A Nightmare 30 Years in the Making
Although Mad God opens with a scrolling chapter from Leviticus stating, among grisly horrors and alarming atrocities, God’s intention to lay cities in ruin and force cannibalism upon relatives should they betray Him, the biblical text is a mild precursor to the 83 minutes of feces-charged nightmare fuel that ensues. In a world that took director, creator, and visionary Phil Tippett over three decades and a Kickstarter campaign to fully realize, it only makes sense that our nameless pioneer of a protagonist would descend into the depths of hell with increasing visual vulgarity as if we are penetrating the folds and fissures of Tippett’s own cerebral cortex.
While it’s his unparalleled brain capacity to carry the patience and trauma of executing the painstaking process of stop-motion animation over the course of half his life on a passion project characterized by shit-formed peons and medical malpractice stage shows that has brought Mad God to fruition, it’s his hands crafting entire ecosystems of sublime filth that provide the transformative experience shaking its audience to the core. Submerging us into a universe of beautiful bile, the film contains references, allegories, and metaphors adding up to a lifetime career’s worth of artistic and spiritual influences, but even with the depth of inquiry into critiques on capitalism, religion, environment, and politics, unraveling the thematics falls secondhand to the pure sensory experience offered by a master of a medium. The tactility with which every set piece is orchestrated not only brings to life entire environments with textures so rich they appear to have been subjected to thousands of years of nuclear apocalyptic annihilation, but also restores and breathes a revolutionary vitality into stop-motion, a practice that by industry standard is far too archaic, expensive, and energy-intensive for significant investment. At a moment when digital simulation has reached uncanny levels of intervention in the film industry, Tippett stares square in the face of any unwritten rules in animation and paves his own path, crafting one of the most immersive cinematic journeys of the year.
Mad God cares scant about plot in a traditional sense, featuring little to no dialogue beyond the wailing cries of a baby supposedly directing mass produced laborers who face merciless deaths on the job. As one of the film’s more opaque critiques contending with the idea of the modern worker in a capitalistic economy, this society clearly doesn’t include worker’s compensation. To reinforce the idea that the antagonistic hellscape is the main character more than anyone or anything else, even our protagonist known only as the Assassin, is eviscerated by a team of surgeons who value the Hippocratic Oath with the same concern for the fragility of life as a carnivorous predator shredding into the flesh of its prey. Before this disemboweling, we are first introduced to the Assassin donning a steampunk uniform characterized by a trench coat and gas mask evoking a WWI era uniform and suggesting the landscapes he will encounter are not going to be friendly.After his diving bell transportation system finally reaches the ground, he is immediately consumed by layers and layers of decayed landscapes and rotten creatures presumed to be the waste-product of a civilization long since corroded by whatever inhabitants presumably catapulted it into a nuclear wasteland that proves friendliness is certainly not a characteristic feature of the worldbuilding. The Assassin’s movements are voyeuristic, navigating levels reminiscent of Dante’s nine circles of hell with only a rapidly wilting map. Each landscape is more harrowing than the last introducing monstrosities with protuberant scrotums and pustule inflamed flesh simultaneously alongside a godlike figure with egregiously abandoned fingernails. If all of this sounds overwhelming, that is because Tippett has succeeded in evoking a physical and emotional response through his art. The film culminates in a sequence that features nothing short of slime-ifying an Eraserhead-like newborn as an alchemic ingredient for portal-opening stardust (a sentence I never imagined writing).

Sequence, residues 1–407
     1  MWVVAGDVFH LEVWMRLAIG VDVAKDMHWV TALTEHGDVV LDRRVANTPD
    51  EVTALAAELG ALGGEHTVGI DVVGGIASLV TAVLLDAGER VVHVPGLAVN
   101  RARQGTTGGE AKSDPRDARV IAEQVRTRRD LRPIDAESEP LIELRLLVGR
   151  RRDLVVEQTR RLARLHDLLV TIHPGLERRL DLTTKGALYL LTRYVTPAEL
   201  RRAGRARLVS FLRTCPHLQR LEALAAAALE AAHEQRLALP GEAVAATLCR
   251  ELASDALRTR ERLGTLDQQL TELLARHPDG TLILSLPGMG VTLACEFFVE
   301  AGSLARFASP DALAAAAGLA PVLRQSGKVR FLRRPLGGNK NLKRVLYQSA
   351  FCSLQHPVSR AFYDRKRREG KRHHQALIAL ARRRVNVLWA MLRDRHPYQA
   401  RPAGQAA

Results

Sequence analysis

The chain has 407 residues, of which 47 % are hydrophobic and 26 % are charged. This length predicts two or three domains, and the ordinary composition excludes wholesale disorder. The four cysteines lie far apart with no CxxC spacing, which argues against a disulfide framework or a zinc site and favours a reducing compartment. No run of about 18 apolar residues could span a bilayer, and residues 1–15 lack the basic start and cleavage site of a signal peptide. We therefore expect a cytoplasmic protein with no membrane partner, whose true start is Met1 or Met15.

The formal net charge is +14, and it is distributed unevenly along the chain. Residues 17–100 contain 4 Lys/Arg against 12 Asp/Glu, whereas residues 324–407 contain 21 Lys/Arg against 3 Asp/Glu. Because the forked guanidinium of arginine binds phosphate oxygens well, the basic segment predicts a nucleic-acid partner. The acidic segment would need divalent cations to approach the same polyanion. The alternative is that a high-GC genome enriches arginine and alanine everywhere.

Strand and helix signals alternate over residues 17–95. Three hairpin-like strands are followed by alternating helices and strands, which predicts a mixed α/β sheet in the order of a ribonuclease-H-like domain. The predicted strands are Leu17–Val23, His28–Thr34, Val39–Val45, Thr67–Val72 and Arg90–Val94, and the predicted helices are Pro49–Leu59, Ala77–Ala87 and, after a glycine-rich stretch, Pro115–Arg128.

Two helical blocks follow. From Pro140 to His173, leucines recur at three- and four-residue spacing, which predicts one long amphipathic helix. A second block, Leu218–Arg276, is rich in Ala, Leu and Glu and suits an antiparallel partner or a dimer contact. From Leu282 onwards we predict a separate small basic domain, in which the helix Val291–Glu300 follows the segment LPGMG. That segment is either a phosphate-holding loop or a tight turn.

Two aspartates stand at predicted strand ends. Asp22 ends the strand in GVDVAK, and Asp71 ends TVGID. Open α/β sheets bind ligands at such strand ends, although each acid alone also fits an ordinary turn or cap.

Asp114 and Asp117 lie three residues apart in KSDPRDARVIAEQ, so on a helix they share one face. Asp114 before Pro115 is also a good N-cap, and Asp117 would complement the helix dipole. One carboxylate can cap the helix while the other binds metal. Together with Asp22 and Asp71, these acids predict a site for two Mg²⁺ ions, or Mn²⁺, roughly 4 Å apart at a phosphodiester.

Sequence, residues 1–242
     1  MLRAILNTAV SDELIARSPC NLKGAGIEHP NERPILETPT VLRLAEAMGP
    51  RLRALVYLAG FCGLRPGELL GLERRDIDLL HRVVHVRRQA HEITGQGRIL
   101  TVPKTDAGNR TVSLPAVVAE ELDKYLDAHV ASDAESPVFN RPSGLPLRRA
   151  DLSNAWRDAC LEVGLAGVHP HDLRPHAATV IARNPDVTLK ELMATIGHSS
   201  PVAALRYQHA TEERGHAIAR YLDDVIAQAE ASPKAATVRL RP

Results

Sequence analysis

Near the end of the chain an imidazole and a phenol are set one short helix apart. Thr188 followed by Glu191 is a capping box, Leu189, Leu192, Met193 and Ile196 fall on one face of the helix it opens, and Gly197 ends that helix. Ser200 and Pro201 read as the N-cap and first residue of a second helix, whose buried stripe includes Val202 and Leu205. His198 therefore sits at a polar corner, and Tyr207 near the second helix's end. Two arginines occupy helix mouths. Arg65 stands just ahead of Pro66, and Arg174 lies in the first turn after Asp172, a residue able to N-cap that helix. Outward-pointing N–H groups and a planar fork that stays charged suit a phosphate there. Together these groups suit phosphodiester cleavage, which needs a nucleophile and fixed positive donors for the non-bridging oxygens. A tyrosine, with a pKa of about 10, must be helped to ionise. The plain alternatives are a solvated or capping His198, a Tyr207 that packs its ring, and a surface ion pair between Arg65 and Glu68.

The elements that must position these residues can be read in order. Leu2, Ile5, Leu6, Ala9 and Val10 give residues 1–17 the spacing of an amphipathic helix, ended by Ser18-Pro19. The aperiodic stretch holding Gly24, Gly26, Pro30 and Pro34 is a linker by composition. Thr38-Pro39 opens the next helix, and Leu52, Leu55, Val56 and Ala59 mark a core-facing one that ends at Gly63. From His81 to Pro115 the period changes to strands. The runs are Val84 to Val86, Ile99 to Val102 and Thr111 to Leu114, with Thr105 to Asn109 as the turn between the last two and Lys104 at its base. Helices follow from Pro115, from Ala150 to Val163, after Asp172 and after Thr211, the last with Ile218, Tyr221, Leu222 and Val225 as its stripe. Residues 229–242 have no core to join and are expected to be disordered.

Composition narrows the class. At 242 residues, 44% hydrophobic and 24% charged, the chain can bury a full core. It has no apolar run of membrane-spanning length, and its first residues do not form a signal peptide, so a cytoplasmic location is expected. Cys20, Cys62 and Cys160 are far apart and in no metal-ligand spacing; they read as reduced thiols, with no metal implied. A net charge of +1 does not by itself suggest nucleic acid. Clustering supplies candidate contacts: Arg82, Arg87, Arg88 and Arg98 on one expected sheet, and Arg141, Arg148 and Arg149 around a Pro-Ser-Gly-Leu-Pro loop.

Although it is never stated in any clear terms, or even vague ones for that matter, what these events mean, the film is a staggering success for its ability to translate contemporary themes such as the destruction of the environment, the exploration of western Christian iconography, and the examination of the labor principle in capitalist society through evocative imagery and precisely conducted animation. Mad God is about as far from a mainstream commercial film as physically possible, but in a just world where film is distributed and recognized on nothing but the merit of its artistic expression, it would be the poster child of cinematic creation. Never before has a post-apocalyptic environment appeared more visceral in equal parts hypnotic and horrific. Never before has an animator that has already been credited with enough material to put him in the record books as one of the most dedicated and prolific creators in the history of filmmaking pursued a project with such relentless vigor. Never before has there been a film quite like Mad God. While I believe all of these statements to be true, I also believe that they can best be encapsulated in just five words plastered on the promotional poster from Guillermo Del Toro, “Phil Tippett is a master.” The only other accurate description would be to call Tippett a Mad God himself.